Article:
Cybersecurity In-Depth

The Edge

The Next Security Silicon Valley: Coming to a City Near You?

The high cost of doing business in California's San Francisco Bay Area is just one factor driving infosec companies — established and and startups, alike — to pursue their fortunes elsewhere. Here's where many are going.


(Image: Ilya Shrayber/Wikimedia Commons)

Tel Aviv, Israel

One of the big splashy cybersecurity investments of 2019 was Japanese company SoftBank's $200 million investment in Cybereason, headquartered in Boston. However, Cybereason was founded by three Israeli researchers and maintains research and development offices in Tel Aviv, despite having corporate  its HQ in the US – a common story for many of the security industry's most successful startups in recent years.

Just this year, Twistlock, with R&D in Israel and headquarters in Portland, Ore., sold for $410 million to Palo Alto Networks (itself an American company with Tel Aviv ties, as its founder was an Israeli-American engineer from Israeli security firm Check Point). Just in Q3 2019, BigID and Axonius, each with offices in New York and Tel Aviv, raised $50 million and $20 million, respectively.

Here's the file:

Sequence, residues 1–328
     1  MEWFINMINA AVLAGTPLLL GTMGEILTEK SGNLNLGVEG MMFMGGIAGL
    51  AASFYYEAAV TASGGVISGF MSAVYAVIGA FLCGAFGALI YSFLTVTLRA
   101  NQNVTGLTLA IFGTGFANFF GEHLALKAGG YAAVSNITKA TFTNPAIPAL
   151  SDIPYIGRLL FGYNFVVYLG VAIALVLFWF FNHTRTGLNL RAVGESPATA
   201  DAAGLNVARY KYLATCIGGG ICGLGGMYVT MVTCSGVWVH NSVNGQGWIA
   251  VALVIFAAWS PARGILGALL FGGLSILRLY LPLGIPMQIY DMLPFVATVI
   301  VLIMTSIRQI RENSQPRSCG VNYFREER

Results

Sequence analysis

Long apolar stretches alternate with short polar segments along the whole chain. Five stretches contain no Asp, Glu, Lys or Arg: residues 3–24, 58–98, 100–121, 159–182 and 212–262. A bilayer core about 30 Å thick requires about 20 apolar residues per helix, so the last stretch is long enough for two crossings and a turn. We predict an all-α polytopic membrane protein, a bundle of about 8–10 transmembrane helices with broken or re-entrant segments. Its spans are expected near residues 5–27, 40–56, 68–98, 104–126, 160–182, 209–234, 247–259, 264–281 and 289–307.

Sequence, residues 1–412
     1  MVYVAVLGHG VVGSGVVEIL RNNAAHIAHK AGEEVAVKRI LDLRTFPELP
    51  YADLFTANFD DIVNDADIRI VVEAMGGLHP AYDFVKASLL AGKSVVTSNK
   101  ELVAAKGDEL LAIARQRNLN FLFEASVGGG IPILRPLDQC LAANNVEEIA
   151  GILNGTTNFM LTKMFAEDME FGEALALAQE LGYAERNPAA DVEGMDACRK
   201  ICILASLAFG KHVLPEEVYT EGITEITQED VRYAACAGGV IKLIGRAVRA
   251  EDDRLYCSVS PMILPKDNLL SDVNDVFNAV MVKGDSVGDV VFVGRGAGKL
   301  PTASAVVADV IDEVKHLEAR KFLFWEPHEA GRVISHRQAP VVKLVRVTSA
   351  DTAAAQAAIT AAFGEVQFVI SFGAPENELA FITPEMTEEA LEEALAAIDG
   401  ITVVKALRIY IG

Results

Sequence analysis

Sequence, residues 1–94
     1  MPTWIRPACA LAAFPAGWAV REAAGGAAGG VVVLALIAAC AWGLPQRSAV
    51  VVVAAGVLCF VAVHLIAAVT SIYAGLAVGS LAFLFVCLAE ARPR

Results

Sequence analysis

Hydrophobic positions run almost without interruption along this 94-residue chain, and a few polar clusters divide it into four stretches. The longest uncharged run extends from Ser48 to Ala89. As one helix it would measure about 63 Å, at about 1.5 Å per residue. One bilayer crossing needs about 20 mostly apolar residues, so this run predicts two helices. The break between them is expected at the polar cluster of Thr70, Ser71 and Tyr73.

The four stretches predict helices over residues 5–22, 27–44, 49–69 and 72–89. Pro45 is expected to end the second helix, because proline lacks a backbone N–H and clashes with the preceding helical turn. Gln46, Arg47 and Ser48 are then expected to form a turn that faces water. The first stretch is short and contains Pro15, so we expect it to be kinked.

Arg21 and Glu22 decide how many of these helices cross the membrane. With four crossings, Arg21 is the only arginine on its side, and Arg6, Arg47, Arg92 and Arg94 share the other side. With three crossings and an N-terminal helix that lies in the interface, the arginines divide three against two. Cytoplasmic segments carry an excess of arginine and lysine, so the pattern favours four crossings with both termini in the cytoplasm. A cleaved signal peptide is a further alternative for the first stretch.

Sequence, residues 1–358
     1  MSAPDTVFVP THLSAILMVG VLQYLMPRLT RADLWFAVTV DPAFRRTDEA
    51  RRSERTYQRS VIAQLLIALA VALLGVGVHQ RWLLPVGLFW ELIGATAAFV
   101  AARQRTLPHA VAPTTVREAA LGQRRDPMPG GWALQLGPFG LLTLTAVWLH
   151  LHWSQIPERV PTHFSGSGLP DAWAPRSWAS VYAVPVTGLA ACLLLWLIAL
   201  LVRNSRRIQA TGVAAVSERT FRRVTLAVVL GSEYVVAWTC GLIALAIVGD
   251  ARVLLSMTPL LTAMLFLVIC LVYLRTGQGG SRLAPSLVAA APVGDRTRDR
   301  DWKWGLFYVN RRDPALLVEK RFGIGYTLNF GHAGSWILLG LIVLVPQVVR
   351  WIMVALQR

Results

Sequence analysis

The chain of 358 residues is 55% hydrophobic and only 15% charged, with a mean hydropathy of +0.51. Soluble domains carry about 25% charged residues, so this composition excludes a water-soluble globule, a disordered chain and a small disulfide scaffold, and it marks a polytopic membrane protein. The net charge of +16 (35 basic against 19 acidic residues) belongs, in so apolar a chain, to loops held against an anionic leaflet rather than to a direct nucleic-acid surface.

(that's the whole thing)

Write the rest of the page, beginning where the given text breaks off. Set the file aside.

Israel seems to have all the necessary ingredients: a keystone company that first built its reputation (Check Point), a military with a strong legacy of cyber defense, elite technical universities, and local initiatives (like incubator Team8) to empower development of new security businesses.

"There is a shortage of local large VCs, but we are seeing an increase in US-based VCs that have venture arms in the region," says Thomvest Ventures' Padval. "The most important trait these cities have to their advantage is the majority of citizens must complete mandatory military service where they work on advanced cybersecurity products. When they leave the defense service, they take those ideas and bring them to commercial markets."

Indeed, poke around the leadership teams of companies like Cybereason, Deep Instinct, XMCyber, Illusive Networks, IronScales, and a host of others, and you'd think that "former member of Unit 8200" was a credential rather easy to come by. However, Unit 8200 is an elite intelligence team within the Israeli Defense Forces.

Researchers from Tel Aviv University and Technion make regular appearances on stage at security conferences. Researchers have recently unearthed vulnerabilities in Siemens PLCs cryptographic key pairs and failures in Microsoft's advanced threat protection to create timely signatures.

According to Cybersecurity Ventures latest Cybersecurity 500, Israel is the world's No. 2 exporter of security technology and has 42 companies listed on the 500.

"From our research, we've identified Tel Aviv, Haifa, and Herzliya, Israel, having the highest potential to become the next Silicon Valley," says Padval. "We even consider Israel to be a mini-Silicon Valley [now]."